The Spool / Festivals
SXSW 2023: Fremont, Until Branches Bend, & Mustache
A trio of narrative films explore the notions of trying to fit and struggling with being cast out.
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A trio of narrative films explore the notions of trying to fit and struggling with being cast out.

I must confess that when I read the program guide listing for Babak Jalali’s Fremont, I came perilously close to skipping it. Its description made it sound like the kind of movie carefully cultivated in a lab somewhere to play at festivals. It sounded like it had the combination of heartfelt drama and quirkiness delivered in spades audiences respond so favorably to. Thankfully, I decided to take a chance on it anyway. However dubious it may have sounded in its three-sentence program summation, it proves deeply engrossing when fully experienced. 

The film centers on Donya (newcomer Anaita Wali Zada). Previous to the film’s start she served as a translator for the U.S. military in her homeland of Afghanistan. Now relocated to the small town of Fremont, California, she lives in a complex populated by other Afghan immigrants, not all of whom are especially friendly toward her. She commutes daily to San Francisco for her job in a fortune cookie factory. When not at work, she keeps to herself. Outside of a co-worker at the factory, some neighbors, and the waiter at the perpetually empty restaurant where she eats, she hardly interacts with anyone.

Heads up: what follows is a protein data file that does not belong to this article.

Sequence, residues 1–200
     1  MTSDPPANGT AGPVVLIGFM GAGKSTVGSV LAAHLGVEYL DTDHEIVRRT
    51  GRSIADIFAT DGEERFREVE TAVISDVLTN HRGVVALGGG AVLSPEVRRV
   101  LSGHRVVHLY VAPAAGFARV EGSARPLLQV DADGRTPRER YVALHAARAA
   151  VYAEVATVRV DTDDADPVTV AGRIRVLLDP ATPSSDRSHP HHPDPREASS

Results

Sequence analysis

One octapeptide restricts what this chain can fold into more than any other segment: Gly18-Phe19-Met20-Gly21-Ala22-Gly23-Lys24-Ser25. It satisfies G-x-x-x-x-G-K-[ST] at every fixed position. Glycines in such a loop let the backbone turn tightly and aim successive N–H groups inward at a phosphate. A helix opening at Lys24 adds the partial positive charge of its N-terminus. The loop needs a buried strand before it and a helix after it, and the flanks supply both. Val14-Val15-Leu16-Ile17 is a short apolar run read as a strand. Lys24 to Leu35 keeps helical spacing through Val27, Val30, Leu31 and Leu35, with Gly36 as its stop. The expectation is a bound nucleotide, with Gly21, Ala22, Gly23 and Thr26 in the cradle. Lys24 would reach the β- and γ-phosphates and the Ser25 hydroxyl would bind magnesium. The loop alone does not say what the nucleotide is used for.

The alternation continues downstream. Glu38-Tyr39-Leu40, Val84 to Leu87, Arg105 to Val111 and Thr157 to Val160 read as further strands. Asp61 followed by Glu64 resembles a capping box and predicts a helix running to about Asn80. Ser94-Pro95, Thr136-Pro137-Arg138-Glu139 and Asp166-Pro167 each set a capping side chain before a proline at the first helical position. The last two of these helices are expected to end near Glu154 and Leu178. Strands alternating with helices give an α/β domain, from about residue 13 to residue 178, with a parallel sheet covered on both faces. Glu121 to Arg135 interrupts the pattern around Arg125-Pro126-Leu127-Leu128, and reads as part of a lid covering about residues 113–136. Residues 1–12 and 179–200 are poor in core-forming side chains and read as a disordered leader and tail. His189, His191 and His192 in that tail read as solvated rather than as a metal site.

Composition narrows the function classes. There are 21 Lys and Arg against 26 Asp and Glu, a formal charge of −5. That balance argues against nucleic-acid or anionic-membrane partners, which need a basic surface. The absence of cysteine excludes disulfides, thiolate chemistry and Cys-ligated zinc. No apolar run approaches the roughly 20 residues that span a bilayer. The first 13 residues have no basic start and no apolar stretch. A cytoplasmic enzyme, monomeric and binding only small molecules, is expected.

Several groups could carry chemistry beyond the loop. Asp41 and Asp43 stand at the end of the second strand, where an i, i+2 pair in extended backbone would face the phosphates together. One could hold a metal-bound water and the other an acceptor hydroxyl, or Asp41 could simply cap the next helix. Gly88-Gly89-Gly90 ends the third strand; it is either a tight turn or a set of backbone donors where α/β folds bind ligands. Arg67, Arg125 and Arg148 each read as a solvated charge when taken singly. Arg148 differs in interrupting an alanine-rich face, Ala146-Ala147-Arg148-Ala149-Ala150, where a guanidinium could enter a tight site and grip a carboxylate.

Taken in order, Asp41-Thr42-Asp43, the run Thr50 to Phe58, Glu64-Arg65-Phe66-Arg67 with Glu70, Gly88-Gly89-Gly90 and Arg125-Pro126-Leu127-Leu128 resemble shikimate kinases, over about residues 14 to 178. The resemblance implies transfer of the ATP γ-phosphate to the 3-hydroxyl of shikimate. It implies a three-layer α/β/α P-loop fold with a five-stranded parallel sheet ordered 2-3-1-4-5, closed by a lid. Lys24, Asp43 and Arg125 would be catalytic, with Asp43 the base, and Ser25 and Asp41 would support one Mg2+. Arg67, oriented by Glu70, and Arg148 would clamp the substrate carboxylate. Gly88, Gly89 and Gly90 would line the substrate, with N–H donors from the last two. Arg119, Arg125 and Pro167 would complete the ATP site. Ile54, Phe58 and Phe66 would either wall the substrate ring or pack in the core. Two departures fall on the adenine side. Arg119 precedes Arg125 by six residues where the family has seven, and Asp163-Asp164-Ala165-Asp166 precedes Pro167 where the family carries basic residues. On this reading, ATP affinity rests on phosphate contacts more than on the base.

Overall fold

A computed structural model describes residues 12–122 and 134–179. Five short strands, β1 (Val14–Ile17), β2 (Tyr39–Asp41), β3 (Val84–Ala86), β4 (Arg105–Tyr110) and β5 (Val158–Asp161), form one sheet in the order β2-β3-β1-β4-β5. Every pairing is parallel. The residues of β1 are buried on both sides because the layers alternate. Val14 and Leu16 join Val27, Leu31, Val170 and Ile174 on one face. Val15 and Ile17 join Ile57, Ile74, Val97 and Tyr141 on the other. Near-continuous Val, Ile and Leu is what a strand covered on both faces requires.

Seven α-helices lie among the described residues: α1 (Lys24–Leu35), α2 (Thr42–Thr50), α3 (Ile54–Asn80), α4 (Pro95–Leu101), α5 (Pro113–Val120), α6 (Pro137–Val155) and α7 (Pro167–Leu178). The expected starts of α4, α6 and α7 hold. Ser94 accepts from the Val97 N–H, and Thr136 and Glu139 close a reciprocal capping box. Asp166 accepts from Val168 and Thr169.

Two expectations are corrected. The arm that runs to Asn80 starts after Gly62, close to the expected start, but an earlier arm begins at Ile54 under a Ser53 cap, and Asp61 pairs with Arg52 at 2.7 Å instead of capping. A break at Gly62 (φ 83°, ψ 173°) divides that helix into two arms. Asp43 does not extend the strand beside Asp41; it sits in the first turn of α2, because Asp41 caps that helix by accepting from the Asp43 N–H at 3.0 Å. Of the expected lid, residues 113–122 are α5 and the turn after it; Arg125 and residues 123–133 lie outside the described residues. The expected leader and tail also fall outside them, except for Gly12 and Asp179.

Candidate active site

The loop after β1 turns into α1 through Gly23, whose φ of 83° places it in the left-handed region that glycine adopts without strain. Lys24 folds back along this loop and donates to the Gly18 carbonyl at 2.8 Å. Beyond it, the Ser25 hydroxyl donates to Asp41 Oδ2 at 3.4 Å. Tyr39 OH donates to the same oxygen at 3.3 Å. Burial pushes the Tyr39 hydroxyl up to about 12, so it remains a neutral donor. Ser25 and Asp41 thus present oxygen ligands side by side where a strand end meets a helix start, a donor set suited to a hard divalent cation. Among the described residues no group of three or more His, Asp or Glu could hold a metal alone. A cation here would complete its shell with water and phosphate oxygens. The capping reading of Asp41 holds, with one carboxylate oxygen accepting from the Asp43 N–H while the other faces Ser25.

Unable to sleep, she seeks out a psychiatrist (Gregg Turkington) for a sleeping pill prescription. When that interaction is completed, she continues to visit him regularly. Their sessions touch on everything from the Jack London classic White Fang to her suppressed guilt over escaping Afghanistan safely when so many didn’t. Between these sessions and a timely promotion at the factory—the owner suspects she might be the ideal person to write the fortunes—Donya slowly begins to come out of her shell. She even begins to accept the possibility of love, as evidenced by her accepting an invitation for a blind date. It does not, to put it mildly, go as expected.

SXSW 2023 Narrative Features (SXSW)
(Sundance Institute)

The main reason why a basic description of Fremont—even mine—sounds a tad twee is that a simple summary can’t convey what makes it work so well. First and foremost, there is the knockout performance from Zada. She beautifully conveys both Donya’s quiet sense of guilt-fueled alienation and her gradual efforts to reconnect with the world around her. An especially charming scene finds her rehearsing the motions for her upcoming date while alone in her apartment. Her interactions with Turkington are inspired as well. They lead to some of the film’s funniest and most touching moments.